Foreign and indigenous firms operating in the Nigerian oil and gas industry will have to install electronic surveillance gadgets on their facilities in a bid to curb the vandalism of oil installations across the country.
This was one of the highlights of conclusions at a two-day stakeholdersâ€™ consultation on the draft National Gas Policy and National Oil Policy, which ended in Abuja on Tuesday.
Giving an overview of the NOP, the Senior Technical Adviser on Upstream and Gas to the Minister of State for Petroleum Resources, Mr. Gbite Adeniji, stated that it was important for companies to start putting in place oil field security systems.
Adeniji, while explaining the difference between the draft NOP and the bill before the National Assembly, stated that the vandalism of pipelines had severely impacted the sector negatively.
The Group Managing Director, Nigerian National Petroleum Corporation, Dr. Maikanti Baru, recently stated that the country had witnessed about 1,000 cases of pipeline vandalism since the beginning of this year, a development that he noted had dragged down crude oil.
The NNPC, in its latest financial and operations report, also stated that in July and August this year, the country recorded 311 and 221 cases of vandalism of oil pipelines, respectively.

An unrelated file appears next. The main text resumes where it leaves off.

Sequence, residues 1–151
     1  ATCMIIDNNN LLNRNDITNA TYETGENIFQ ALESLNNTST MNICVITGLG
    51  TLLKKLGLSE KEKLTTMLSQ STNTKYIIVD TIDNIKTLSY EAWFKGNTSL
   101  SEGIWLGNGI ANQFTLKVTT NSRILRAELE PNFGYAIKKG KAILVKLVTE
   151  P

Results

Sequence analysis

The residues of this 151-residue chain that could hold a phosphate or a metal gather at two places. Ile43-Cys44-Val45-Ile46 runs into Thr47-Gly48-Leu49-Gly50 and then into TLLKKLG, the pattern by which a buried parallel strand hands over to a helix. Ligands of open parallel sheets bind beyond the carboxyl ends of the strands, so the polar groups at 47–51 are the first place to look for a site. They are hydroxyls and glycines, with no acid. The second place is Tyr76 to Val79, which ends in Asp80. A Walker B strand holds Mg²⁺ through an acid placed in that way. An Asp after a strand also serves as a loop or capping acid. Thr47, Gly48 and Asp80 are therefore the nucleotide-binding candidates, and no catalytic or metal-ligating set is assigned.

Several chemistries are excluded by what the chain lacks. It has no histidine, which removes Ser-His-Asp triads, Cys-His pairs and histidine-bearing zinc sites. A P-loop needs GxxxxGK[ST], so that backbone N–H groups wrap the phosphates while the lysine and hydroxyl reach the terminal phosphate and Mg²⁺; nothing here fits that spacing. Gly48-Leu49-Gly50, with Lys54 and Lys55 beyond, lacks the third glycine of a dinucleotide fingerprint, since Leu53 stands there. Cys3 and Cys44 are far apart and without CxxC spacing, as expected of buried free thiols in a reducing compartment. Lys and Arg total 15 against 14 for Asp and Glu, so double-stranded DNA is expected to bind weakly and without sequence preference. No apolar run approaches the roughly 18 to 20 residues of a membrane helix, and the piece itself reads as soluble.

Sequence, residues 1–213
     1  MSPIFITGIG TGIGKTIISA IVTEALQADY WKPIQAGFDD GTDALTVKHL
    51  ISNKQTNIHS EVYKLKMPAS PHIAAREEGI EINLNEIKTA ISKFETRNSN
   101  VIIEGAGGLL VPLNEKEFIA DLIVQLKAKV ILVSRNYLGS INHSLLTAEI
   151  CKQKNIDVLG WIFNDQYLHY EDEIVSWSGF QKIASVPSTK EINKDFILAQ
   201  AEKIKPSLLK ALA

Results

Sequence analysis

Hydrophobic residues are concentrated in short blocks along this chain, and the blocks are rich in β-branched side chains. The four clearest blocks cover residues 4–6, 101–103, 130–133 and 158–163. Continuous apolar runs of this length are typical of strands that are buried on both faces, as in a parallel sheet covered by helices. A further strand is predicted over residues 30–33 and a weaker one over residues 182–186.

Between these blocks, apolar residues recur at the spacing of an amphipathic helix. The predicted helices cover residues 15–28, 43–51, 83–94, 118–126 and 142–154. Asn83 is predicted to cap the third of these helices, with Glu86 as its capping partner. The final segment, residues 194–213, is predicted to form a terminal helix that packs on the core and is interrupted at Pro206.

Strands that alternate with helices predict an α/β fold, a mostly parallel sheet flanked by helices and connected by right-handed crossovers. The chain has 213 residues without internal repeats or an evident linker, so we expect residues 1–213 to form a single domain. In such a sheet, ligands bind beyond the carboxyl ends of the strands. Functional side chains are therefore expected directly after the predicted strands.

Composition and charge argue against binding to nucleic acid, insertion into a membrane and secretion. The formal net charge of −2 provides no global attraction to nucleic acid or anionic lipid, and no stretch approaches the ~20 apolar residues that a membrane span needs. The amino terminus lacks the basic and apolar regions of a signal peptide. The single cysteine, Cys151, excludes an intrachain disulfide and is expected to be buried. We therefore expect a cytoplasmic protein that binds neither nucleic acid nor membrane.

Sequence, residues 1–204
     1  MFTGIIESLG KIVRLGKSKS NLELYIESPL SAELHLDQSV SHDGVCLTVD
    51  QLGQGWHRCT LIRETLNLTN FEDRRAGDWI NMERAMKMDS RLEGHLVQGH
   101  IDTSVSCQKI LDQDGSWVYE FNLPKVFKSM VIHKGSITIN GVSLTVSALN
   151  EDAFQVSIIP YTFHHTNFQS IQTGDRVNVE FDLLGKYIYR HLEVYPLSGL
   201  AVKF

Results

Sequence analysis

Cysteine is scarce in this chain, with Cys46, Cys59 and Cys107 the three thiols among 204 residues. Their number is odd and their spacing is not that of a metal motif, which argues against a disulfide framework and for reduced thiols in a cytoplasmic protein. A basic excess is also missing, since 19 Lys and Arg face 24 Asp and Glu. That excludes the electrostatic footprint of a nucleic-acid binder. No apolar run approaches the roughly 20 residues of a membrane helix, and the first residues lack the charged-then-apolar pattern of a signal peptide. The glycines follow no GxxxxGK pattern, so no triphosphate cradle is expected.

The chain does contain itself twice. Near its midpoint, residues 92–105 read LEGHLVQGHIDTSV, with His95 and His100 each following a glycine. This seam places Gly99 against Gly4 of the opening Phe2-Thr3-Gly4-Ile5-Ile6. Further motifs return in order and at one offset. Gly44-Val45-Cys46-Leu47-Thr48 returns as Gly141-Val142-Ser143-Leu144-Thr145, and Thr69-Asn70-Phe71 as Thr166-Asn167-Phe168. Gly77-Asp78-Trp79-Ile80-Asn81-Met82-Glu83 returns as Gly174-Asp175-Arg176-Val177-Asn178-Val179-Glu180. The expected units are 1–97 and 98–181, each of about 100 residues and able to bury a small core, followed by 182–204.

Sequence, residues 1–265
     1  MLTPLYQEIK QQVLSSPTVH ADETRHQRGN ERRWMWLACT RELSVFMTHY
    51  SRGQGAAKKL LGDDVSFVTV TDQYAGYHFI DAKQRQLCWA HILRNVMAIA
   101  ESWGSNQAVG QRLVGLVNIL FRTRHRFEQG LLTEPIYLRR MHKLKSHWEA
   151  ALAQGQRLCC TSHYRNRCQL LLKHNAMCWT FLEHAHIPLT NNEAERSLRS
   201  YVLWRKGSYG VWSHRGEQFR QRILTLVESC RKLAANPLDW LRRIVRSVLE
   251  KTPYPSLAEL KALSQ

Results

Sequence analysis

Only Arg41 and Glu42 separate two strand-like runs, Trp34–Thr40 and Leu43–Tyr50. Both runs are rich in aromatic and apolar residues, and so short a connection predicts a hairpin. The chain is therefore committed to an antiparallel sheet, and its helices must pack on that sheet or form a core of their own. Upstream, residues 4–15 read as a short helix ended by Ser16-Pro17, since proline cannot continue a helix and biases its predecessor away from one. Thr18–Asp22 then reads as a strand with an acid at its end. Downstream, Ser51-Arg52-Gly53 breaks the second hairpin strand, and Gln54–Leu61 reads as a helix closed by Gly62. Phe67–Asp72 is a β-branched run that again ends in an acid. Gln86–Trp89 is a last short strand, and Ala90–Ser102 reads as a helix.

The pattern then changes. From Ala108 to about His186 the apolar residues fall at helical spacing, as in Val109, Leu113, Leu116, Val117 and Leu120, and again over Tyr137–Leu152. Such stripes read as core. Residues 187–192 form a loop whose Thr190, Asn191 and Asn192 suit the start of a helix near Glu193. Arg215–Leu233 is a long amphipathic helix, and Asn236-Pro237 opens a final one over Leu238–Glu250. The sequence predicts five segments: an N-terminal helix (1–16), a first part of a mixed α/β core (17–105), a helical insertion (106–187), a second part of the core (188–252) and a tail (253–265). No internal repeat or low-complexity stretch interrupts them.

Speaking on oil field security as contained in the draft NOP, Adeniji said, â€œOil companies are to be charged with electronic surveillance. The time is overdue for Nigeria to build a digital oil field.â€
He noted that in a few daysâ€™ time, the final policy document would be ready and when approved, the NOP would be binding on all players in the oil and gas sector.
He added that the NGP and NOP would be transparent and ensure that things were done properly.
Adeniji stated that the policy would also ensure that Nigeria gets a proper metering system that would eradicate oil theft in the industry.
He said the restructuring of the NNPC, as contained in the draft document, would guarantee the clarity required for the disbursements that must be made into the Federation Account, adding that it would avoid subsidies being constrained financially and stop overlapping roles with regulatory agencies.
Chairing the panel discussion, Tim Okon, an industry expert, stated that Nigeria should be moving away from crude oil production and export to production and processing.
Another panellist, Mr. Isa Baba, said the policy should support the deregulation of pipelines, stressing that the vandalism of oil installations was becoming alarming despite the ongoing negotiations between the government and agitators in the Niger Delta.
He said, â€œIt is sad that vandalism is this much in Nigeria today. We should deregulate the pipelines and either make the security of the facilities the responsibility of host communities or some particular security outfits,â€ he said.